I have edited Bond’s works with a light hand, changing a few grammatical errors here and there and cutting thoughts that go astray from his main points. I have also excluded those pieces which bear his name as author but were clearly penned by others. In the few cases where I have included pieces penned by those who helped him write speeches or articles on rare occasion, I have made it a point to indicate coauthorship. Nevertheless, I can state with confidence that the great majority of selections included in this book offer us Bond’s unfiltered voice—an inspiring, instructive voice that warns us of bigots while imploring us to organize our communities into pockets of resistance that embody and enact not only the spirit of the civil rights movement but all the human rights movements that Bond embraced with such energy and enthusiasm.

* * *


Part of Bond’s work was to telegram the Kennedy administration about crises that posed serious and imminent danger to the lives of SNCC workers. On June 12, 1963, just one day after President Kennedy had delivered his historic civil rights address, Bond sent Robert Kennedy the following telegram: “Request federal marshals to protect Negro citizens and voter registration workers in Dallas County, Alabama, where SNCC field secretary Bernard Lafayette was brutally beaten last night. Will the federal government act to protect the rights of American citizens in the South? We also request that you take immediate steps to halt persecution of seven voter registration workers jailed and beaten in Winona, Mississippi.”[1] Like his SNCC coworkers, Bond was disappointed with the Kennedy administration’s lack of attention to civil rights as well as the slowness of its actions when it did monitor the movement. Below is Bond’s 1993 account of his assessment of President Kennedy before and after his assassination.

We know so much more about public figures today than we did when I was young; their private and public lives are laid bare for all to see. It is harder to have heroes now. When I ran for a seat in the Georgia House of Representatives for the first time in 1965, a pinch-penny campaign treasury dictated that most of my electioneering would be conducted in person. This candidate wasn’t seen in television ads or heard on the radio; my constituents-to-be saw me first on their porches and heard me after they’d answered their doors.

If I could talk my way inside, where I could deliver my election pitch away from the competition of street sounds, I almost immediately saw one feature common to nearly every home in the low-income district in Atlanta I wanted to represent. Almost every living room wall had three pictures, heroes, usually hung together: Jesus Christ, Martin Luther King, Jr., and John F. Kennedy.

Seeing the late president’s picture there summoned many memories, both for the voters whose homes I had invited myself into and for me.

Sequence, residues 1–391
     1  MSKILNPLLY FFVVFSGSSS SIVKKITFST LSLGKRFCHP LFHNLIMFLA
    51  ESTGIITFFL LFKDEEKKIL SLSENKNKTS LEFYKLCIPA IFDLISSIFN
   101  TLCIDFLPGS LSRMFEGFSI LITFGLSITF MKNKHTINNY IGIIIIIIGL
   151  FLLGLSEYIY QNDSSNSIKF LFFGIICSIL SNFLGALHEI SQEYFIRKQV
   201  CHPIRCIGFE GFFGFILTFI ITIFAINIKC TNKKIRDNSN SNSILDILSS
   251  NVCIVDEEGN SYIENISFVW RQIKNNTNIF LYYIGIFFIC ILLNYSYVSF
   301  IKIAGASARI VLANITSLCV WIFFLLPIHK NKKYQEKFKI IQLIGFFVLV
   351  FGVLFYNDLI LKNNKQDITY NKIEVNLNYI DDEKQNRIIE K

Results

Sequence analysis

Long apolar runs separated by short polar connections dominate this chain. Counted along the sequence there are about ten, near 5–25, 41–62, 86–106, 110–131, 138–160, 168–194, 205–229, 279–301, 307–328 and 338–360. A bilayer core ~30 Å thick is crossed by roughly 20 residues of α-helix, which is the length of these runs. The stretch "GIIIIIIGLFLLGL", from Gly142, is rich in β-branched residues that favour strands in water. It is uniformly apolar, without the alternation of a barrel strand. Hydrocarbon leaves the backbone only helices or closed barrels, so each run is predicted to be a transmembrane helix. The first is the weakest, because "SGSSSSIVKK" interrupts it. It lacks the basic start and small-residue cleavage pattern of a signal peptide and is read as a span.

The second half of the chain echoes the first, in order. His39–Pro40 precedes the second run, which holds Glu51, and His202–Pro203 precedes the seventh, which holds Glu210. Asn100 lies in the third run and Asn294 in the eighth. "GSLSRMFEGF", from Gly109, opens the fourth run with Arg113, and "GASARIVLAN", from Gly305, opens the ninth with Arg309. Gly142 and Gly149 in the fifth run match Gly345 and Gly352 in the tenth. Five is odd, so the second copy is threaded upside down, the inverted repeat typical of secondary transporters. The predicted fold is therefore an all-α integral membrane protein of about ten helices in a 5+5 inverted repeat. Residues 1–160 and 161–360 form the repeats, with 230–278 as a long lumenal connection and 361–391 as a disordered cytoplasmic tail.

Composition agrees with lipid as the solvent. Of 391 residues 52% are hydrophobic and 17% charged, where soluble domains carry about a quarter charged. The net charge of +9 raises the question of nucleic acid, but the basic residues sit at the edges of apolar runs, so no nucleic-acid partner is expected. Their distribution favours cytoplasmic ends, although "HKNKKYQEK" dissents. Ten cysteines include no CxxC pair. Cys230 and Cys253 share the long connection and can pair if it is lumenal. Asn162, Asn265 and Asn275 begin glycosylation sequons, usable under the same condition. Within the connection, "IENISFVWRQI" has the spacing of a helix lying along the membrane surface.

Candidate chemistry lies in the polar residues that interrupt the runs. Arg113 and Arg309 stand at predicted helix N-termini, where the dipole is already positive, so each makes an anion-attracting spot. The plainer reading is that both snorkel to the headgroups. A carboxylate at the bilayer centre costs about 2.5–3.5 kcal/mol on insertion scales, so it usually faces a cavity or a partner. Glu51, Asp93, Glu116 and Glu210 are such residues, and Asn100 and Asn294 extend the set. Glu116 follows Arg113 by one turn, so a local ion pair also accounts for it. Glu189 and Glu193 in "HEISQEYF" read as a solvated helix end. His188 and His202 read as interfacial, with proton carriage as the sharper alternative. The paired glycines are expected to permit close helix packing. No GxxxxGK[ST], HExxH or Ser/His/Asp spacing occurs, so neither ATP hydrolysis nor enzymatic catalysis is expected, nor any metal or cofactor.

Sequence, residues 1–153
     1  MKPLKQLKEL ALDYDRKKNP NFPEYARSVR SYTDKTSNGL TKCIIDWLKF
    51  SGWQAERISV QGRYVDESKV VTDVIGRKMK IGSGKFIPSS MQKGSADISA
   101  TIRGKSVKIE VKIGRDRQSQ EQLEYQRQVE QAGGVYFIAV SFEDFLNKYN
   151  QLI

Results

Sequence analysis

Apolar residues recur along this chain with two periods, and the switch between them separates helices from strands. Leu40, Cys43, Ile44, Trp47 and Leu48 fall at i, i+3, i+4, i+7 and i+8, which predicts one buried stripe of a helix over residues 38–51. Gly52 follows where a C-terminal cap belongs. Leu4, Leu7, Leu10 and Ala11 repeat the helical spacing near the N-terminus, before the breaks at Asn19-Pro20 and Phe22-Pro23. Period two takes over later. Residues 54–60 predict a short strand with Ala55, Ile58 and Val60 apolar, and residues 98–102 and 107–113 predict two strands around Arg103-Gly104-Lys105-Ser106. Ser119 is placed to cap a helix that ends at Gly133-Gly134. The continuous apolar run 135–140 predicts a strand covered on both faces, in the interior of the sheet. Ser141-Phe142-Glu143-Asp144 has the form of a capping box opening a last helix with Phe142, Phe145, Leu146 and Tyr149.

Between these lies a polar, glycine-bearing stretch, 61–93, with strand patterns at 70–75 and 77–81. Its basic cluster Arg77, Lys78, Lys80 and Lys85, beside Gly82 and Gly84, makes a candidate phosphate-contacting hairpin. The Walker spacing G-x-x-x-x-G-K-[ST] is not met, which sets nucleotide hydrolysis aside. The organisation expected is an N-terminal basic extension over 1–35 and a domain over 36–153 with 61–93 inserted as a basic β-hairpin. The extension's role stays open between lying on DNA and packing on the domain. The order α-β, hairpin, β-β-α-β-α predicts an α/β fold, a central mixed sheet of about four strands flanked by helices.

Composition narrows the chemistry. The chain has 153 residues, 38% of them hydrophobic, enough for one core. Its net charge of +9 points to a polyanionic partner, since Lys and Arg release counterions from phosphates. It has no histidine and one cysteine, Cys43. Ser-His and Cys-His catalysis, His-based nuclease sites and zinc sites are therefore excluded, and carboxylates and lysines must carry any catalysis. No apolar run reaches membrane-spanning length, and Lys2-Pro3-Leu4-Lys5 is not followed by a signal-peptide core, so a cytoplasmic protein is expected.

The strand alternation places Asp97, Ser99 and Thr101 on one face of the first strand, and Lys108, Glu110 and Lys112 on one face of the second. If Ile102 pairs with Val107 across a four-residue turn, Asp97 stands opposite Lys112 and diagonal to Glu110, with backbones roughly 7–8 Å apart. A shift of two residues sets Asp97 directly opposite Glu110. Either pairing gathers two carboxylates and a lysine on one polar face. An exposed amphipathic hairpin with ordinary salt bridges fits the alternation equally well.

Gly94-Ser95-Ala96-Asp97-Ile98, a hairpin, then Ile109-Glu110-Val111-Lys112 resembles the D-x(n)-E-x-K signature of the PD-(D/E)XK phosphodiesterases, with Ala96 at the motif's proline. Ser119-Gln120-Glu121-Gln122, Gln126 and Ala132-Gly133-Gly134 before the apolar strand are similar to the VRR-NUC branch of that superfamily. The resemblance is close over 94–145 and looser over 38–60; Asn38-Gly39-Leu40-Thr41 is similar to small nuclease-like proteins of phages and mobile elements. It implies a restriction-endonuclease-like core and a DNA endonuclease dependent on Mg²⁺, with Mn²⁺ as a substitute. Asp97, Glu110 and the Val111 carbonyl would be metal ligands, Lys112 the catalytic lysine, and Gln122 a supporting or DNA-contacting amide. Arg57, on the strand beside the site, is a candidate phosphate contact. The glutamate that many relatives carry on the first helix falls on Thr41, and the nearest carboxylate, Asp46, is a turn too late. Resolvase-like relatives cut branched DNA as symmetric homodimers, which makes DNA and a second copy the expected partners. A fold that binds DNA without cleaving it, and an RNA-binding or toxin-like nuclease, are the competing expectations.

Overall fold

When my coworkers in the Student Nonviolent Coordinating Committee and I first heard, on the early afternoon of Nov. 22, 1963, that President Kennedy had been shot, we immediately assumed the attack on him came from forces opposed to his views on civil rights.

Those views weren’t ours. We thought the 3-year-old Kennedy administration had been cowardly in enforcing existing civil rights laws, cautious in seeking new, stronger legislation from Congress, and too eager to trade justice for order when racist whites threatened violence against civil rights forces in the South.

In his time in office, Kennedy had failed to satisfy critics like us: young black men and women who had left our segregated southern college campuses to work fulltime in the activist civil rights movement that spread like wildfire after the sit-ins began in earnest in early 1960.

In fact, some of our resentment against Kennedy stemmed from his failure to properly acknowledge the way he had won the White House. News of a telephone call he had made to the wife of jailed civil rights leader Dr. Martin Luther King, Jr., expressing his sympathy, had been trumpeted to black voters in the closing days of the 1960 campaign. When Vice President Richard M. Nixon refused to comment on King’s arrest and jailing, 30 percent of black voters shifted their allegiance from the Republicans to candidate Kennedy.

King had been arrested in an Atlanta sit-in. We sit-in veterans felt the new president owed the growing movement some reward for having given him the opportunity to claim the White House.

But with a narrow Democratic margin in Congress, and with Southern committee chairs dominating the flow of legislation, civil rights retreated from the new president’s agenda. A campaign promise to eliminate housing segregation “with the stroke of a pen” was stricken from the agenda until civil rights supporters flooded the White House with pens.

In 1961, groups of Americans known as Freedom Riders boarded buses to test orders requiring integrated interstate transportation facilities. The president’s brother, Attorney General Robert Kennedy, with the president’s approval, negotiated an agreement with Mississippi Sen. James O. Eastland to allow Mississippi to arrest the Freedom Riders under the very segregation laws which the U.S. Supreme Court had already declared illegal. In return, Eastland guaranteed the only violence done to the Freedom Riders would be to their constitutional rights, not their bodies.

After violence against the Freedom Riders produced embarrassing headlines in newspapers around the world, the Kennedy administration persuaded movement activists to abandon confrontational tactics like the riders, and to place their energies into registration drives, promising federal protection for registration workers. Any protection was slowly given, however, and then only when white violence was threatened, not when black rights were violated.